HOST: If you think that was a small deal, reflect on this: it had never been done before. Even the actors being cast in the roles just assumed this was another network sitcom, with the same unwritten rules about casting. Terry Crews plays Sergeant Terry Jeffords on the show.

TERRY CREWS: I mean just the fact that we have two main Latino characters on our show is absolutely groundbreaking.

HOST: That’s right. Because the conventional quota was one. But the creators wanted to cast both Melissa Fumero and Stephanie Beatriz, both of whom are latina.

TERRY CREWS: You know both Melissa and Stephanie will tell you they thought oh my God one of us got to go because it’s never been done before.

HOST: So by breaking the unwritten rules of how to put together a network sitcom, Dan Goor and his co-creator Michael Shur created a universe that role modelled how the world should be. And the characters weren’t just diverse. They were goodies. The show was a utopia. Perfect for a network sitcom, because it makes for easy watching.

And from a Changemaking perspective, Brooklyn 99 is an extraordinary feat.

DAN GOOR: Part of the aim of the original aim of the show I was just showing an office place a workplace full of people who genuinely love each other genuinely get along who are genuinely good at their jobs and who all come from very different places. That in and of itself is a statement of some kind.

HOST: So far so good. But there was a problem.

HOST: A creative problem with the way the show was designed.

It’s fine for a cop procedural where all your cops are one big happy family of diverse, enlightened people. But what happens when you want to confront head on the idea that that sometime cops can be a tinsy bit racist?

HOST: Terry Crews is currently playing a cop, he’s spent his whole life being an African American. Unfortunately this means he has a deep well of personal experience of the racism of American police.


TERRY CREWS: When I was a football player and I had to buy a ticket and cash in order to make the flight and I went I was going from Kalamazoo Michigan to Chicago and in Chicago I got pulled off the plane by police officers and whom I didn’t understand it was in front of everyone and I was totally embarrassed. You know I felt like a criminal. But they didn’t tell me what I did and then and then they found out that I was a professional football player. And then they were like oh this is great can we get an autograph which I found out later that day. I was a drug dealer because simply because I bought my ticket in cash and this is just some of the experiences that normal you know you would think in America you should be able to buy a ticket in cash you should be able to walk around you should be able to have tinted windows if you want. Yes. All these little things that most Americans take for granted. As an African-American you looked at as a suspect and it’s just not right. It just isn’t.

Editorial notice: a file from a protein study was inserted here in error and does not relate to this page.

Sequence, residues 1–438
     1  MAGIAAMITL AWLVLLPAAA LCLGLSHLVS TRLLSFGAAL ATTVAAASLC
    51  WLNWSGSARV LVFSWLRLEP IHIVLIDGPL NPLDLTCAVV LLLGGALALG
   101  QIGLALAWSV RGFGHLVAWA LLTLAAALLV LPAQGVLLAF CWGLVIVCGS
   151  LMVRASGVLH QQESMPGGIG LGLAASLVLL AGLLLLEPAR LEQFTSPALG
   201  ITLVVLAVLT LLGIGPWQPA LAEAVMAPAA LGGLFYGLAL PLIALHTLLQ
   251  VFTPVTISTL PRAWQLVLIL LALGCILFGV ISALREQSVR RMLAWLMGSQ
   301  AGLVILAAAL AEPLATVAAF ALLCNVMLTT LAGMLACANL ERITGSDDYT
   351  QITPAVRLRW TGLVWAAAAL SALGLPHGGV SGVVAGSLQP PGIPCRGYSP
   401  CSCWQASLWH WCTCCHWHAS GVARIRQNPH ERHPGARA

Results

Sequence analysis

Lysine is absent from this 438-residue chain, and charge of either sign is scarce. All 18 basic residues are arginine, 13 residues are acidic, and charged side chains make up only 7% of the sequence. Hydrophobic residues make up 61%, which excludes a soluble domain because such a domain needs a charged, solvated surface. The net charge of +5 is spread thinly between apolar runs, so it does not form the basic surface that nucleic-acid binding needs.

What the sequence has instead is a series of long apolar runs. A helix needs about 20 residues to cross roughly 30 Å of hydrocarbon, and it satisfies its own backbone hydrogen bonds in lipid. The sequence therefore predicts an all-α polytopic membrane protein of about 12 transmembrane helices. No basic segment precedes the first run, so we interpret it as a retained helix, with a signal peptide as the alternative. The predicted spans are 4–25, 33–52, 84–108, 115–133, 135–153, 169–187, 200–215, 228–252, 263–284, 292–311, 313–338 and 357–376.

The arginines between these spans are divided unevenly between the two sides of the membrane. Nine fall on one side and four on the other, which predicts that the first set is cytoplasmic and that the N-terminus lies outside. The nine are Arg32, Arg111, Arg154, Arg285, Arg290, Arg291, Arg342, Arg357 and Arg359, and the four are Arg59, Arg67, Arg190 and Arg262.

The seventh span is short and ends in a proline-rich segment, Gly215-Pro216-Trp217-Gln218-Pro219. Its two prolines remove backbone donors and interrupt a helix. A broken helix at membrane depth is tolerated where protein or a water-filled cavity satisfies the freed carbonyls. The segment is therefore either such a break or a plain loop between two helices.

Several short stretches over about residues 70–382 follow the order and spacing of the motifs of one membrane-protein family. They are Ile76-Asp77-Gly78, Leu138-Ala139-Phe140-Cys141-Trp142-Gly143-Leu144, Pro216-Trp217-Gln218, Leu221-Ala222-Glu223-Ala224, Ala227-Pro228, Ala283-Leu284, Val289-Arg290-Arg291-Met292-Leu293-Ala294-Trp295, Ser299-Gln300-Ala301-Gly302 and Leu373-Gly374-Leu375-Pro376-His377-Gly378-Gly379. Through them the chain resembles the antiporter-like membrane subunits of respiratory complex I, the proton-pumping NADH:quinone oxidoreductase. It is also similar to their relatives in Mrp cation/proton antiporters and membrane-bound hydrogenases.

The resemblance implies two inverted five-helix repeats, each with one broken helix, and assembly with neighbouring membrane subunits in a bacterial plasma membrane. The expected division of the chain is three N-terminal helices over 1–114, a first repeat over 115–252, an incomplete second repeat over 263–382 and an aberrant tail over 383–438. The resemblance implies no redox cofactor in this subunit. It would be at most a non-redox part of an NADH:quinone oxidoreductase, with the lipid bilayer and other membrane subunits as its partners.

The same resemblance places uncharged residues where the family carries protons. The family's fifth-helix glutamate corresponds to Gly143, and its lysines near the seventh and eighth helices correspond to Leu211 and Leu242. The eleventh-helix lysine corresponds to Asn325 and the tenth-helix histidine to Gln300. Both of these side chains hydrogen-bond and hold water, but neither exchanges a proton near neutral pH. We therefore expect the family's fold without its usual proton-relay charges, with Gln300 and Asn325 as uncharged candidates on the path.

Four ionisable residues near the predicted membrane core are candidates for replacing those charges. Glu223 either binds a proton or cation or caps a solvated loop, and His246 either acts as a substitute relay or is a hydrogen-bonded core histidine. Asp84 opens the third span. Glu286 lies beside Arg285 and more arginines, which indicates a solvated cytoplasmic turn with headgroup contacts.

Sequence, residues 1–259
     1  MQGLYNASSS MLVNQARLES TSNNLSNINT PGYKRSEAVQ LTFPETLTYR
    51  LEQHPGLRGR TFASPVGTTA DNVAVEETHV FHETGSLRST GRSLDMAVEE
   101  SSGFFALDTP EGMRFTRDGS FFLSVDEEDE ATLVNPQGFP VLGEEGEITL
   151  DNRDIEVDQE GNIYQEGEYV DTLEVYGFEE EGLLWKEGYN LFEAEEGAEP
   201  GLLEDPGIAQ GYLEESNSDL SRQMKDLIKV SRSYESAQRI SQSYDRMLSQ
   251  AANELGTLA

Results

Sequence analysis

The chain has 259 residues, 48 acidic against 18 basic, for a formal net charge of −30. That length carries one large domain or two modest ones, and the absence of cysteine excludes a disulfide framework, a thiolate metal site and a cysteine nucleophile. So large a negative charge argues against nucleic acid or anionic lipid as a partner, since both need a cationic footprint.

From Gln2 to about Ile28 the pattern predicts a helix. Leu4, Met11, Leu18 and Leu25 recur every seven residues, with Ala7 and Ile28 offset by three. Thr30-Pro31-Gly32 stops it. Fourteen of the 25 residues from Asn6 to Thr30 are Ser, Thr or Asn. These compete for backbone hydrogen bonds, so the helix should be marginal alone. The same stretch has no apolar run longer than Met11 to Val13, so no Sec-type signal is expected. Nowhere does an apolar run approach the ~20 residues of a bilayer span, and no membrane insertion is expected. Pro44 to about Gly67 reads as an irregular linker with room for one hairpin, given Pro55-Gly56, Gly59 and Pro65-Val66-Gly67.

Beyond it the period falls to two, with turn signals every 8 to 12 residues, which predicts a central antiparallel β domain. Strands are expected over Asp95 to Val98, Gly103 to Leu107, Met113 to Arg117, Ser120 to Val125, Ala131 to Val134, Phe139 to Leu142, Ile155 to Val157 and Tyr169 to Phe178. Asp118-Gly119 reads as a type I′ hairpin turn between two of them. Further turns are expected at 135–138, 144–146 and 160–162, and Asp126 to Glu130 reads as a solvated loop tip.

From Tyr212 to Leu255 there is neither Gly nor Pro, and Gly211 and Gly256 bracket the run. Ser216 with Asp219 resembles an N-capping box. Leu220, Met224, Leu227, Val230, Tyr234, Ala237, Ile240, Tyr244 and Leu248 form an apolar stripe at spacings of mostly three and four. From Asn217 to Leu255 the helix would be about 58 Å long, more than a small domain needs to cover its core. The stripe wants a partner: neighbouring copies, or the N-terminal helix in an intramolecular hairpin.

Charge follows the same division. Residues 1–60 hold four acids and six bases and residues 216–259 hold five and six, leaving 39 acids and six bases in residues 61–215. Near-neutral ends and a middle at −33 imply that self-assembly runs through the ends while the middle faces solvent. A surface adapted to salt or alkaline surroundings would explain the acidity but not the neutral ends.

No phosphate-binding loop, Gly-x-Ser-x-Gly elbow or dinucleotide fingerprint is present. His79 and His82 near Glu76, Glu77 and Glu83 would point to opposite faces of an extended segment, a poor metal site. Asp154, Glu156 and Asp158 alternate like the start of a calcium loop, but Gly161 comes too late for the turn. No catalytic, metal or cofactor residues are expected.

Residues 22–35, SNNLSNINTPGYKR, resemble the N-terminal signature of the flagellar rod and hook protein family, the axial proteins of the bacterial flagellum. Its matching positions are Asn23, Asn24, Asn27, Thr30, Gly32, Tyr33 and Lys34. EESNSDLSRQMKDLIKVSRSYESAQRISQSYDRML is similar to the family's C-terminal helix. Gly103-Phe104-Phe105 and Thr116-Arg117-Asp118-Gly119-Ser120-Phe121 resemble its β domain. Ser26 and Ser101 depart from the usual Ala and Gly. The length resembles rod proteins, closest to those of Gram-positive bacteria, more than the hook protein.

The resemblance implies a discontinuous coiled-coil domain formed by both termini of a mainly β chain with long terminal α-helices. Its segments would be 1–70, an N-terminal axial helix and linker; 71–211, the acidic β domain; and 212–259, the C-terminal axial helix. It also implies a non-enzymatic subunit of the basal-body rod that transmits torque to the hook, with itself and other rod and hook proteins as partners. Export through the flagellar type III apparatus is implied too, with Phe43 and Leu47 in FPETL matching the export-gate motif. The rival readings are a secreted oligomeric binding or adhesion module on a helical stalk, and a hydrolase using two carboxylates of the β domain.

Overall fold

HOST: And that’s just the casual racism that every person of colour in America deals with on a daily basis.

Now, imagine being in the script room and trying to come up with a plot line about that sort of racism, when all the cops in your show are goodies.

It’d be hard right? Dan Goor says it was a real conundrum.

DAN GOOR: If we were show that was not about cops then doing an episode like this we could have one of our characters be a victim which obviously is what we ended up doing or they could sit on the sidelines and talk about an incident which is what a lot of shows end up doing. But it was very hard because in a lot of the initial breakings of the story you want your characters to be involved but at the same time as you just said our guys are not the bad guys there are not people who would do this. Furthermore our guys are so so much the good guys that it’s hard for them. It’s hard to even do a story where somebody else has done it or it’s been done to one of our characters and our guys have an attitude that would present conflict.

HOST: If that weren’t difficult enough, the writers of the show didn’t just want to make an episode about casual racism in the police. They wanted to take on the larger systemic issue that police kill black people in far higher proportion than every other race.

Black people make up just 13% of the population, yet account for 31% of all people killed by police. The figures are even more disporportionate when the victim killed by a cop is unarmed.

It’s an issue that had been brought to light through the Black Lives Matter movement, but had yet to permeate its way into breezy network sitcoms.